This week’s reflection is written by Brendan, an 8th grader at OMC.
Reflection for Sunday March 6th, 2022
Gospel Reading: Lk 4:1-13
This week is the first Sunday of Lent. In the days leading up to Lent, Christians around the world think about what they are going to do or “give up” for Lent. I always take this time to think about what is the purpose of Lent and how it is different from New Years. During New Years and Lent many people try to develop good habits or to stop bad habits. Outwardly they can look similar to an observer. The difference is why we are working on these habits. Hopefully when it comes to Lent we are doing things to strengthen our relationship with God, to love other people better, and to cut out sins that affect God, others, and ourselves. In today’s Gospel Jesus is faced with temptation. Our lenten practices provide opportunities to increase our reliance on God and reduce our attachment to the things Jesus is tempted by. So what does Satan tempt Jesus with? Comfort, power, and self reliance. This Lent, lets reduce our attachment to comfort, power, and self reliance, as we seek to rely on God and love others with humility as Jesus loves us.
Reflection for Sunday March 13th, 2022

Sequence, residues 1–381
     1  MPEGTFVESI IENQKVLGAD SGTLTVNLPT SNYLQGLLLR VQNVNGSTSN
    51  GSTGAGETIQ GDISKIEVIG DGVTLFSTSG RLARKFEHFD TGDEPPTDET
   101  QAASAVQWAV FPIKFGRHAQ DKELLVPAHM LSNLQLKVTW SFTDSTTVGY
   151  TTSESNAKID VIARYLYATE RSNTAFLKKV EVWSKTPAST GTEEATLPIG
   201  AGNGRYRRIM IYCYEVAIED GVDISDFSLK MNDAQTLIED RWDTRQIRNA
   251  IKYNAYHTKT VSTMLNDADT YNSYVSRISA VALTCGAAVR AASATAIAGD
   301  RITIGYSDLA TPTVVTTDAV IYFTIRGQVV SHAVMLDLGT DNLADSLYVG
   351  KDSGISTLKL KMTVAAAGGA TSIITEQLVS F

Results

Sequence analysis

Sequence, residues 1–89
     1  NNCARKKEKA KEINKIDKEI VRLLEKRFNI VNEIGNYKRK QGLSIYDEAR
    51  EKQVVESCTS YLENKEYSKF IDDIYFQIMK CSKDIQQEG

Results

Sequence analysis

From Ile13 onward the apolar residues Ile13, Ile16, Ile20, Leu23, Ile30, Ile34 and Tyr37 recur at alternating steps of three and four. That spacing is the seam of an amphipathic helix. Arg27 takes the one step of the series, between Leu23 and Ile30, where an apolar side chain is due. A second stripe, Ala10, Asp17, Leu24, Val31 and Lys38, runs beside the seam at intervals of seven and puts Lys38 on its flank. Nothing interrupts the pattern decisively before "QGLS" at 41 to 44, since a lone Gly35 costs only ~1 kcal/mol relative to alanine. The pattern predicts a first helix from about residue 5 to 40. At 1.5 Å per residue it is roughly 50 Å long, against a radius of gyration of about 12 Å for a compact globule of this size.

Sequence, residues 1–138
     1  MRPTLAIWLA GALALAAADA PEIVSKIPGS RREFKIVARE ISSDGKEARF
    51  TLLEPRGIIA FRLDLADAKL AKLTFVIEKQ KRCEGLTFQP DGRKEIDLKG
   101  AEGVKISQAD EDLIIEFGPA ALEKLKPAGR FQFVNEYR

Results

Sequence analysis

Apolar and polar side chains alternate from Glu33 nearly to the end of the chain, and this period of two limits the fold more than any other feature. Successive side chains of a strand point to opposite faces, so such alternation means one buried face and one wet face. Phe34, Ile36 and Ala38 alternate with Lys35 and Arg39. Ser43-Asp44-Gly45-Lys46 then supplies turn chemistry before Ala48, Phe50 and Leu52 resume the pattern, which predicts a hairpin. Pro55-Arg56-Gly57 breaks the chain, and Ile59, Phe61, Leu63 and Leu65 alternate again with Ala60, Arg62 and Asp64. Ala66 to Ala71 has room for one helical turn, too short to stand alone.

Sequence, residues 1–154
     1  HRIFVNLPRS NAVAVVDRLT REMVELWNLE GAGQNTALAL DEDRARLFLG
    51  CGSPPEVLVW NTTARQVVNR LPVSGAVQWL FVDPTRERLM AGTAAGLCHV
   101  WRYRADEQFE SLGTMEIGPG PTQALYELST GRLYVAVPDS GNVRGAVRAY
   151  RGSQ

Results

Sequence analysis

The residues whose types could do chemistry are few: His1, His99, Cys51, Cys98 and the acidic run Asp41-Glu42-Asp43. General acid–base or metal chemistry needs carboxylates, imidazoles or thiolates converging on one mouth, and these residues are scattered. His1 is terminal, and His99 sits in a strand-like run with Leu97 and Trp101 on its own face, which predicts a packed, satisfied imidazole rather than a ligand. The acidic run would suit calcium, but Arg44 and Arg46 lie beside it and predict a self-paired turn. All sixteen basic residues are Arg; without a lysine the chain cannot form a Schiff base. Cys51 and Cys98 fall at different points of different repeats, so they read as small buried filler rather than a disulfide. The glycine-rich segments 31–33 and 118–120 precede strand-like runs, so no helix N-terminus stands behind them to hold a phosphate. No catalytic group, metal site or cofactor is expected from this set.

Sunday Gospel: Lk 9:28b-36
This Sunday’s gospel starts off with Jesus taking some of His apostles, including Peter, into the mountains to pray (but we know that just means that Peter and the apostles will sleep). While Jesus is praying, He transforms into dazzling clothes and starts talking to Moses and Elijah. When the apostles wake, they ask Jesus if they can make three tents: one for Him, Moses, and Elijah. Jesus doesn’t hear what they’re saying, and, as they move closer to Him, a dark cloud appears over them. A voice from the cloud said, “This is my chosen Son; listen to him.” As soon as the voice finished, Jesus appeared, with Elijah and Moses nowhere in sight. The apostles decided to not share with anyone what had conversed.
This passage is hard to relate to and understand, since clouds generally don’t speak and dead people don’t generally appear in real life. But really, the message we should get from this is to listen to what Jesus is telling us. The cloud voice‒which is obviously God‒tells us this, and it is a good idea to listen to Him. The rest of the passage is hard to understand, other than that Jesus is able to communicate with people who are dead and (most likely) in heaven. How do you interpret this passage? How can you better listen to Jesus?